According to the Delta April timetable, Delta flies a potentially large number of people from Atlanta to Florida each day. For example, flights to Fort Lauderdale included 5 L-1011s and 4 767s each day. To Orlando, 2 L-1011s, 2 MD-11s, and 4 767s, and 4 777s each day.
Why all the large wide bodies? Is there really much of a demand?
Trunk-hub simplicity. The demand probably exists as Delta's somewhat large presence in Orlando is complemented by their hub in ATL for existential time-sensible connections to the rest of the DL route network.
Sounds strange, but NW does the same thing in MKE with 4 daily DC-10-40 flights (N132JC here today!) back and forth between MKE and MSP....that's in addition to their -9 flights, 727 flights and A320 flights...occasionally the 6AM is not a -9 but a 757. MKE has the unique pleasure of hosting every NW aircraft type, save the DC9-10 and the 747...though it occasionally (once every 3 months) will show in the form of a 744 operating as flight 83. Flight 83 originates in MKE and continues on to NRT with a gauge change, but once in a great (and blessed) while, the 744 begins in MKE and ends in NRT after the stop in MSP.
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Florida is just one of the world popular tourist state with a lot of sunshine and beaches all year long.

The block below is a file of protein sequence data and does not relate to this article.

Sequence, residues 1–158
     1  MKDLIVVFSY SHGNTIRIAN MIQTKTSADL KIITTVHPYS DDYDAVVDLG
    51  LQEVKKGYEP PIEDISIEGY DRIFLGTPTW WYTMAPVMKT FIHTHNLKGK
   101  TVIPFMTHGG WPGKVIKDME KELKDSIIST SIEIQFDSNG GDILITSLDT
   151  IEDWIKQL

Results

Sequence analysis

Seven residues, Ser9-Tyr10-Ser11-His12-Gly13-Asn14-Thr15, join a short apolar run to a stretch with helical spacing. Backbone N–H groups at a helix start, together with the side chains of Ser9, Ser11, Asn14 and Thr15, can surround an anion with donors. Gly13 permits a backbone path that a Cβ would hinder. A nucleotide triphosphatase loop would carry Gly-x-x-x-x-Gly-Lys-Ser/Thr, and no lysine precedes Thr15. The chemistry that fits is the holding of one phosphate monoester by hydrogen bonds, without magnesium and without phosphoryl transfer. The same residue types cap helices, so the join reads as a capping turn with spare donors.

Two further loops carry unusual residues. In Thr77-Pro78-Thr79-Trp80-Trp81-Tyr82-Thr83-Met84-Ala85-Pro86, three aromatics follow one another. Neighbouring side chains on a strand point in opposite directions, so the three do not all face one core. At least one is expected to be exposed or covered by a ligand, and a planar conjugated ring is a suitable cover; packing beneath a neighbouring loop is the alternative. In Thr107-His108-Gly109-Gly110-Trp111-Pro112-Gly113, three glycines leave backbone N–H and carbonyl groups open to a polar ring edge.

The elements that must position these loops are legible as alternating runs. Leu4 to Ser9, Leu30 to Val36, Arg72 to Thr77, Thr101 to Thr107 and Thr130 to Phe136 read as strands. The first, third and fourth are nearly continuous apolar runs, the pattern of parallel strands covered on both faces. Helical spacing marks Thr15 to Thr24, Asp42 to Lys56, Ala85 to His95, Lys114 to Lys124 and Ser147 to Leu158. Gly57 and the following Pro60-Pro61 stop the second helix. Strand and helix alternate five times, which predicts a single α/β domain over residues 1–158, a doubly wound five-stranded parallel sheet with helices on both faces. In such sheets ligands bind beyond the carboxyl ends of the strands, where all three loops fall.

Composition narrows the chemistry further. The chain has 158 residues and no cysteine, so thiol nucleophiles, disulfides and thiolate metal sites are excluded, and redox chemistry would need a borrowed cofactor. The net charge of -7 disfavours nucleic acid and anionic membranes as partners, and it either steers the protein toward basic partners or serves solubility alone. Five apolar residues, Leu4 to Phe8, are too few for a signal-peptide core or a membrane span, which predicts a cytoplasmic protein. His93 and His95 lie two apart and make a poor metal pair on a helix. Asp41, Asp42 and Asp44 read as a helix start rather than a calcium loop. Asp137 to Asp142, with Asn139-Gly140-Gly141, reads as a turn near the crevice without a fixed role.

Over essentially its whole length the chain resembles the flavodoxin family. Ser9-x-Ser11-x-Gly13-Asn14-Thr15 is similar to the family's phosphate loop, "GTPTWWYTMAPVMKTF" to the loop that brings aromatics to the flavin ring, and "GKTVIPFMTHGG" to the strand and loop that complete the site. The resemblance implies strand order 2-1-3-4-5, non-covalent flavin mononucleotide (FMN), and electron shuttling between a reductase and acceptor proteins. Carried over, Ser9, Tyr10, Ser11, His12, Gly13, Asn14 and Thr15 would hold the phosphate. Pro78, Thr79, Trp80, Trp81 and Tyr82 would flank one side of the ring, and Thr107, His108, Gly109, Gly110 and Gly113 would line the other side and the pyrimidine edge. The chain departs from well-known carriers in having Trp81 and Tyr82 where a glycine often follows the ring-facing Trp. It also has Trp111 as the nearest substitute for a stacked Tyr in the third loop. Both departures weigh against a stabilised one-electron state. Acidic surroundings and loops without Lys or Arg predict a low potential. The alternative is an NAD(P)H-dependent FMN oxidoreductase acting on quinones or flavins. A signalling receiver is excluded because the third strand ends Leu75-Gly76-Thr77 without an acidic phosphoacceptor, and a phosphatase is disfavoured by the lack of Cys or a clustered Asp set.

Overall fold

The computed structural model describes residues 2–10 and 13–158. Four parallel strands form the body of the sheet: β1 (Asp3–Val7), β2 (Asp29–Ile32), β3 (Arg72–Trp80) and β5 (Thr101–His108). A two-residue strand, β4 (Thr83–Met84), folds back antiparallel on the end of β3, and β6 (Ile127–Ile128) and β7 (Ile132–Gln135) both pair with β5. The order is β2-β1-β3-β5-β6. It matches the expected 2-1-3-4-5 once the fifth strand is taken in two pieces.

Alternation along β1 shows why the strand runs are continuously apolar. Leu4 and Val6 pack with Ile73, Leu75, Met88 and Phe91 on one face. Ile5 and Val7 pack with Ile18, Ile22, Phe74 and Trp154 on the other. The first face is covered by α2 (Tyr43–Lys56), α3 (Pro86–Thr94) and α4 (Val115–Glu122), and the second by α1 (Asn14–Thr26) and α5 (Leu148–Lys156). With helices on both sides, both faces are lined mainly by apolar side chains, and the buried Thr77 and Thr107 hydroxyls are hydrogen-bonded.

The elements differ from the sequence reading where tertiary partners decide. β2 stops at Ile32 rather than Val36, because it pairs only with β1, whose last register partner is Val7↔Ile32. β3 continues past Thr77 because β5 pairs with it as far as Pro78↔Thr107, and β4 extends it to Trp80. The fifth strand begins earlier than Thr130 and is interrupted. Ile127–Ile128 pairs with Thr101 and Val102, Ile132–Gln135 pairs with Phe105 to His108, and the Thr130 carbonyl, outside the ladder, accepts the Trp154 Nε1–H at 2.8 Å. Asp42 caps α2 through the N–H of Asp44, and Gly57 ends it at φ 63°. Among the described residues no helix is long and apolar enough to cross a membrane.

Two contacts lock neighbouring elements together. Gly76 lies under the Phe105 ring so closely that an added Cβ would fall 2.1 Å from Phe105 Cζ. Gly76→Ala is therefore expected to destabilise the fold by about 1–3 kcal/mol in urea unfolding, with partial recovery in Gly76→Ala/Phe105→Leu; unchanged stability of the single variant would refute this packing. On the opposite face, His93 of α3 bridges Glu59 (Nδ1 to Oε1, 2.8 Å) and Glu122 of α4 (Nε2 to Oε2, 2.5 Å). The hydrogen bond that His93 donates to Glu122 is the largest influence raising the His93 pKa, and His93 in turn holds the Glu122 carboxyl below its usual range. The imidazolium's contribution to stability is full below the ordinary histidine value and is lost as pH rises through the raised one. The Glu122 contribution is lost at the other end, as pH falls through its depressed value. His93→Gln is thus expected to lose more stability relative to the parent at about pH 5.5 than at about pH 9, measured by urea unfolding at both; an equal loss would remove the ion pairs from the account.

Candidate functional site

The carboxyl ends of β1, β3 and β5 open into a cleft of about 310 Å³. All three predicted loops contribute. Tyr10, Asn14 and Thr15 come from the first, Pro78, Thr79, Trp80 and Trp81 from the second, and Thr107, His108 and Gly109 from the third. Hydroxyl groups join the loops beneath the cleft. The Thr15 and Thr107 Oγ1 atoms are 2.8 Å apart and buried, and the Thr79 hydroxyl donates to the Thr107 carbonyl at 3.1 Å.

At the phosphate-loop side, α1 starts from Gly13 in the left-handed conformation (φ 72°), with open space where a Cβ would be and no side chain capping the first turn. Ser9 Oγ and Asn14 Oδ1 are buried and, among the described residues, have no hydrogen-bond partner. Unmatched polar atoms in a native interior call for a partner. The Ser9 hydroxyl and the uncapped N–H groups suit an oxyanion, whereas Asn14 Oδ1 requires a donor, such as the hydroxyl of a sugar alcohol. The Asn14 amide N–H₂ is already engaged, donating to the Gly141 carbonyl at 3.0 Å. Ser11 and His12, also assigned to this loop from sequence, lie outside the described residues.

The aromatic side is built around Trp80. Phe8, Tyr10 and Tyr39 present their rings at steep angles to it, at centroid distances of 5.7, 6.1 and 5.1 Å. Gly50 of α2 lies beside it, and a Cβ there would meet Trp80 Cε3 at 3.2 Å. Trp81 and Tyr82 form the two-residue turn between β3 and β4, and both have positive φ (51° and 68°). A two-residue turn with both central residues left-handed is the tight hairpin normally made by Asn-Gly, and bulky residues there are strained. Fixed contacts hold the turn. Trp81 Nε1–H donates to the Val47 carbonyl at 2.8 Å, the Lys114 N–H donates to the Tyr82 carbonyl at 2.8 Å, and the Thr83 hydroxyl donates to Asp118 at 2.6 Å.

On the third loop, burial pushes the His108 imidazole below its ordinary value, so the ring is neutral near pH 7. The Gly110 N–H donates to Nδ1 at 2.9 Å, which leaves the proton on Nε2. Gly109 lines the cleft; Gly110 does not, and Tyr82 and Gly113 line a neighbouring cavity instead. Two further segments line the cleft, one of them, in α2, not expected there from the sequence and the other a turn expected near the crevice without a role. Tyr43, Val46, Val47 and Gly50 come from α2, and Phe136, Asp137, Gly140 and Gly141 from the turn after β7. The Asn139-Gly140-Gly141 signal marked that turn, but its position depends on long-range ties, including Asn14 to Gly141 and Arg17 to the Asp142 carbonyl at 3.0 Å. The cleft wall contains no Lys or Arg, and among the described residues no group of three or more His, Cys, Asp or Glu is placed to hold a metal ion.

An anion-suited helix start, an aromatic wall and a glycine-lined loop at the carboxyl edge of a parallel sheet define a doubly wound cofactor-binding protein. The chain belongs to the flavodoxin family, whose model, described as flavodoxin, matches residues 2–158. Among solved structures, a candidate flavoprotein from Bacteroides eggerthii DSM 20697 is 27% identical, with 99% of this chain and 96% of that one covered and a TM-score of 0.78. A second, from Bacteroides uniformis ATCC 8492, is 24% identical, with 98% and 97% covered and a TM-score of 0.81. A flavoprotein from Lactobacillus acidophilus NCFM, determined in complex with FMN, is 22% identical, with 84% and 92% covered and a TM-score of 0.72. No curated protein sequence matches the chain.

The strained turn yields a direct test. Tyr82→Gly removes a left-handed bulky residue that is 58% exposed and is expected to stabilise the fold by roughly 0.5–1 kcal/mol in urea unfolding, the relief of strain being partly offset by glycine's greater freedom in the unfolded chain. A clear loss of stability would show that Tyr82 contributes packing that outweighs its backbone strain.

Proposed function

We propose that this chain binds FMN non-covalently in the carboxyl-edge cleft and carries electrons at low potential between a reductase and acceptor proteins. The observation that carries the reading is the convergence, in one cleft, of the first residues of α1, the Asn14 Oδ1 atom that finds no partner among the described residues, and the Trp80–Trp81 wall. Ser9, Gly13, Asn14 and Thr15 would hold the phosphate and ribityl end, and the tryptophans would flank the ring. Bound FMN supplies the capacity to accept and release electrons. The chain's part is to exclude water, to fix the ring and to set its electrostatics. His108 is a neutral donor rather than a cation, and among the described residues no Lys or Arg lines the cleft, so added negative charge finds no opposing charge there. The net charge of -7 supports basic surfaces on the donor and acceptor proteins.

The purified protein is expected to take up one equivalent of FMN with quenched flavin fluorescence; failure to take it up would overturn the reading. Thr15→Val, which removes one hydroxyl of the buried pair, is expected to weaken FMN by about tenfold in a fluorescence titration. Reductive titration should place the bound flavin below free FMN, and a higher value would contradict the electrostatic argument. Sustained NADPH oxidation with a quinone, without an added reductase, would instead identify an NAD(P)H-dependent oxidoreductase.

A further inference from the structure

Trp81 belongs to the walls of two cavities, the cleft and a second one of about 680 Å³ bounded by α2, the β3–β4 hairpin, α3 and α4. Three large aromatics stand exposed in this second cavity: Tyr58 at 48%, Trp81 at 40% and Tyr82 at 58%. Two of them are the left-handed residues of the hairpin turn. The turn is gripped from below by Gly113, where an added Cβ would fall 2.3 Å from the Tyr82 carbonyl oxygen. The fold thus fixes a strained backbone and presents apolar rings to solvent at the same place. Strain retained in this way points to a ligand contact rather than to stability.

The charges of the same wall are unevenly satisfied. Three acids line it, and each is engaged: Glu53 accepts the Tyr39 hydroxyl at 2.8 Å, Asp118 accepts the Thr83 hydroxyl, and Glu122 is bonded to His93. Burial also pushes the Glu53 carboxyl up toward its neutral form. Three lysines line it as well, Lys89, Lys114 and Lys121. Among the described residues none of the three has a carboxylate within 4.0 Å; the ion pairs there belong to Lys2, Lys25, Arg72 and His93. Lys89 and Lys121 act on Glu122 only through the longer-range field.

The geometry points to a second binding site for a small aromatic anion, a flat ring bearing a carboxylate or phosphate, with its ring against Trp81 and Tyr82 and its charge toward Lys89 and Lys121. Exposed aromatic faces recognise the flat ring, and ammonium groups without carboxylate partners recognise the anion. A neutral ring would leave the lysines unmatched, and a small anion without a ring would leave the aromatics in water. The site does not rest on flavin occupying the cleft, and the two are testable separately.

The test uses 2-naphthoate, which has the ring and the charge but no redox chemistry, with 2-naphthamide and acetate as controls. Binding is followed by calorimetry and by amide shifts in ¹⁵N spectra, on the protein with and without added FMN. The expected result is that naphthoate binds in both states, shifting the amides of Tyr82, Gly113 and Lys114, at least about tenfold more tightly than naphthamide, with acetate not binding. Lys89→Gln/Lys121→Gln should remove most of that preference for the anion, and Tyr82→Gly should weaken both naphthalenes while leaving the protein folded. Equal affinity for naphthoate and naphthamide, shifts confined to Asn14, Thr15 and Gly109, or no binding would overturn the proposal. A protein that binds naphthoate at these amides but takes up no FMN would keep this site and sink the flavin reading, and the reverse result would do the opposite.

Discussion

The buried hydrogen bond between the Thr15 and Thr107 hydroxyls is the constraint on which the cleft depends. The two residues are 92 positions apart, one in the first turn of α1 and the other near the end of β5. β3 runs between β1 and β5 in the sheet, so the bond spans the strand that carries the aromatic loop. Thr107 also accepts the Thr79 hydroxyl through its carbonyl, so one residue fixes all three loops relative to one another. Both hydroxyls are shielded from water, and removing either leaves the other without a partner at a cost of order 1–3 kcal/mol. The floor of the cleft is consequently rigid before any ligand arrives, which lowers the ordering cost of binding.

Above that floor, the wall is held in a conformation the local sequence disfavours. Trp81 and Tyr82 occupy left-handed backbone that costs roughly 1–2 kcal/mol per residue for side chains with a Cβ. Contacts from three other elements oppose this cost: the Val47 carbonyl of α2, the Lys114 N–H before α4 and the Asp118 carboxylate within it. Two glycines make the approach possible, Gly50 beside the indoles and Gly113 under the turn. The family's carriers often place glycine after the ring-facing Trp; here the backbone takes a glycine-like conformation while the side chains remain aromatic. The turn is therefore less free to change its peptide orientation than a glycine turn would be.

Orlando with 100.000 rooms hotels is very attractive with Walt Disney World and others theme parks.
Yes, the demand is there. FLL and MIA are some of the hardest flights to nonrev on because the flights are always full especially on Sun/Mon/Thu/Fri and sometimes on Sat. Just to South Florida's (Greater Miami) airports MIA, FLL, and PBI, DL has 30 daily nonstops to ATL, 22 of which are wide body flights. Now that's a lot of lift!
Don't forget ATL is very conveniently located close to FL. If this wasn't so, then DL wouldn't be so effective in the FL market. Remember, the marketing mix's four P's: Price, Product, Place, Promotion.
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From YYZ-ATL expect an MD-88 with meal service offered in both directions, usually a hot meal during B-fast and Dinner hours. Expect the 767-400 on the leg to FLL. Just a beverage service on that flight as it id only 1 hr or so in duration.
Not only the fact that it keeps the planes airborne making $$, but it also builds crew time up. The 777 and 764 crews usually fly a bunch of those trips to build expirience, time, landings etc...The demand does have a big part as well, but mainly keeping planes up in the air, and crew time.
Really no different than UA sending 747s on domestic service, as well as 777 domestic service, both of which are still happening (I think?)
Chrisair, yes, UA still uses 772s on a lot of domestic hub routes (SFO-DEN, LAX-DEN, IAD-SFO, ORD-DEN, ORD-SFO, ORD-LAX, MIA-DEN, MIA-LAX, MIA-ORD), although they have domestic-configured 772s for high-capacity routes (MIA-DEN and MIA-LAX use domestic 772s), unlike other airlines.